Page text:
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Reply to Comment on: Medical students on long-term regional and rural placements: what is the financial cost to supervisors?

AUTHORS

name here
Judith Nicoll Hudson1
PhD, Deputy head *

name here
Kath Weston2
PhD, Senior lecturer research

Liz Farmer3 PhD, Clinical professor

CORRESPONDENCE

*Prof Judith Nicoll Hudson

AFFILIATIONS

1 School of Rural Medicine, University of New England, Armidale, New South Wales, Australia

2, 3 University of Wollongong, Wollongong, New South Wales, Australia

PUBLISHED

11 July 2012 Volume 12 Issue 3

HISTORY

RECEIVED: 10 July 2012

ACCEPTED: 11 July 2012

CITATION

Hudson JN, Weston K, Farmer L.  Reply to Comment on: Medical students on long-term regional and rural placements: what is the financial cost to supervisors?. Rural and Remote Health 2012; 12: 2287. Available: www.rrh.org.au/journal/article/2287

AUTHOR CONTRIBUTIONS

© Judith N Hudson, Kath Weston, Liz Farmer 2012 A licence to publish this material has been given to James Cook University, jcu.edu.au


full article:

Dear Editor

Thank you to Dr Emery for raising the issue of infrastructure required to host a long-term medical student while offering him/her a valuable learning opportunity1. To 'parallel consult' the student does indeed need a room fitted for consultation with patients and support from practice staff, as does any doctor working in the practice.

It was difficult to consider every cost to the practice given the complexities of each practice and within the limits of our study, income proved the most effective way to look at the student impact2. All the practices participating in the study received a one-off capital grant as part of Rural Clinical School funding from the Commonwealth Government, in return for a commitment to the project for several years. Capacity to provide a room for independent student consulting is essential to give students access to 'undifferentiated patients' and develop student competency for an authentic contribution to patient care. At least infrastructure funding allows the practice to use the consulting room for other doctors or health professionals when the student is doing other community, hospital or academic work (2-3 days per week).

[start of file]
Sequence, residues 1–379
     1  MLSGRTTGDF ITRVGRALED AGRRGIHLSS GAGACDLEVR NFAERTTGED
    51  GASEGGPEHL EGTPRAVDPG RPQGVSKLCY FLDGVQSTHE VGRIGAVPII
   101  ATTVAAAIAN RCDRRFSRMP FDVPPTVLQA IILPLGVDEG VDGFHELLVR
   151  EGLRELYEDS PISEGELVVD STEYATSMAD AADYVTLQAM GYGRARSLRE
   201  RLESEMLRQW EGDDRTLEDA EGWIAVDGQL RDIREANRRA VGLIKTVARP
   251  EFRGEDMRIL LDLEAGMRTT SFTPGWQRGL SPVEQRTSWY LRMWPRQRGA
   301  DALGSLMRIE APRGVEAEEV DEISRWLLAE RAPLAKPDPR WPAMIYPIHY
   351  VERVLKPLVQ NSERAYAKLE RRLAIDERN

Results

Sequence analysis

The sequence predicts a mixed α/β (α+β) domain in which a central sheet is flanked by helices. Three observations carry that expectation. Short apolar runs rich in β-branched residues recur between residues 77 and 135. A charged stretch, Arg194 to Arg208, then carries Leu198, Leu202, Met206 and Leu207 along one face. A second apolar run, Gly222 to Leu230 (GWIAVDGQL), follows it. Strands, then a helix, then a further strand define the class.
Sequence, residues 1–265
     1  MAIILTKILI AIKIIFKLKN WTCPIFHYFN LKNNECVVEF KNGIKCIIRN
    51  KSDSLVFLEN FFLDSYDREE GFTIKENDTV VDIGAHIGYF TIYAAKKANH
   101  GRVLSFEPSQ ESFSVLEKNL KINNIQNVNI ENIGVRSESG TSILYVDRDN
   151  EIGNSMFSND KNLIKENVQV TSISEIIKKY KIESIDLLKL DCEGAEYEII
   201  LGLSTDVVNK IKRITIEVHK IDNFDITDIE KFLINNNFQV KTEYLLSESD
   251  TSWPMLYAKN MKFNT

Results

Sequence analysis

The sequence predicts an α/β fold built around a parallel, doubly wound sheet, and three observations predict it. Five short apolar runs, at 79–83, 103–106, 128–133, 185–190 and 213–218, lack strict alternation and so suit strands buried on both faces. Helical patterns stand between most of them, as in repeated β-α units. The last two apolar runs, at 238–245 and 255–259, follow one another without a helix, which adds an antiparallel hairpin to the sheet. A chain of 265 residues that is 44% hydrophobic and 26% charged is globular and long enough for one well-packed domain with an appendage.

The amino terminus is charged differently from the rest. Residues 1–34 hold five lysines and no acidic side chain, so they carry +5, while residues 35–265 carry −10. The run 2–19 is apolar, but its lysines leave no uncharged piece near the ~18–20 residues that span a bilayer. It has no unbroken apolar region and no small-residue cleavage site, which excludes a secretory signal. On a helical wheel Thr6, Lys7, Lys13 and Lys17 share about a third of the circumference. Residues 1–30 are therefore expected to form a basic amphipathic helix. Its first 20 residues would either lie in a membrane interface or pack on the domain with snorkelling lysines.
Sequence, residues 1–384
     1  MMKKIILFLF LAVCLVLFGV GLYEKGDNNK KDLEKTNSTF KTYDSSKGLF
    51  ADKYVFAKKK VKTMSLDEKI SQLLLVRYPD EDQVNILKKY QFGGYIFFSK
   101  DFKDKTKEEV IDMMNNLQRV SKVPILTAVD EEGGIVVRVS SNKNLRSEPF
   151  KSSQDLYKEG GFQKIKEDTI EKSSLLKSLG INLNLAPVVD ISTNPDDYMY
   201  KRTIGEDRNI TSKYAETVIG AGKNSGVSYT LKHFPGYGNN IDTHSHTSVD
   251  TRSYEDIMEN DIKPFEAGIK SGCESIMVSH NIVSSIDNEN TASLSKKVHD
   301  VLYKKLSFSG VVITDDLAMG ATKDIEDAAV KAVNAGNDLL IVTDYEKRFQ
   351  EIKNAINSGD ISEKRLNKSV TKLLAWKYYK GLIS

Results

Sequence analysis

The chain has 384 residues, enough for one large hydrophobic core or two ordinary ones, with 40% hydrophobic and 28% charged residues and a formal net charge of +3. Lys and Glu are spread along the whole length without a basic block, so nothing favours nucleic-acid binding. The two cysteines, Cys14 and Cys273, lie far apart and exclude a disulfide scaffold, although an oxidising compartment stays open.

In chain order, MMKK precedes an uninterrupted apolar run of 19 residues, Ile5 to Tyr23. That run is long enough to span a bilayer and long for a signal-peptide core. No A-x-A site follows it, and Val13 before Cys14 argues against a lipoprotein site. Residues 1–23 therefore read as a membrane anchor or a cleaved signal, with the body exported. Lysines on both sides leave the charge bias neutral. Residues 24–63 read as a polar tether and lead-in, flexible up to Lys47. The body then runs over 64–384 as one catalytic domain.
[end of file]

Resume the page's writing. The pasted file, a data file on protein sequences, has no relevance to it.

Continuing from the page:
We agree that the PIP $100 per session is not sufficient remuneration for practices that are committed to teaching, and in the longitudinal integrated clerkship model, it does not recognise all the additional time that the preceptor and other practice staff dedicate to mentoring and providing feedback to the student. We support your premise1:

...to remain viable for the increasing load of learners of all levels being taught in teaching practices, both the costs of the infrastructure and the support services provided to students need to be paid to practices by some equitable system.

Evidence to date suggests community-based clerkships have considerable benefits for learners at different levels in the medical education continuum. With increasing pressure for student, pre-vocational and vocational training in general practice, we believe that increased financial and infrastructure support is required to recruit and sustain academic teaching practices.

JN Hudson PhD1, KM Weston PhD2 & EA Farmer PhD3
1School of Rural Medicine, University of New England, Armidale
2,3University of Wollongong, Wollongong
New South Wales, Australia

References

1. Emery J. Comment on: Medical students on long-term regional and rural placements: what is the financial cost to supervisors? Rural and Remote Health 12: 2247. (Online) 2012. Available: http://www.rrh.org.au (Accessed 13 July 2012).

2. Hudson JN, Weston KM, Farmer EA. Medical students on long-term regional and rural placements: what is the financial cost to supervisors? Rural and Remote Health 12: 1951. (Online) 2012. Available: http://www.rrh.org.au (Accessed 10 July 2012).